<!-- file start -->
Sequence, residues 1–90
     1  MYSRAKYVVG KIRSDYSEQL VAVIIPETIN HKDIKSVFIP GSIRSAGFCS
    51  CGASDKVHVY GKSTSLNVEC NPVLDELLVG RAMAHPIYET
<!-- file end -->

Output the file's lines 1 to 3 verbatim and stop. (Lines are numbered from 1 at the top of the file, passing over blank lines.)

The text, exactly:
Sequence, residues 1–90
     1  MYSRAKYVVG KIRSDYSEQL VAVIIPETIN HKDIKSVFIP GSIRSAGFCS
    51  CGASDKVHVY GKSTSLNVEC NPVLDELLVG RAMAHPIYET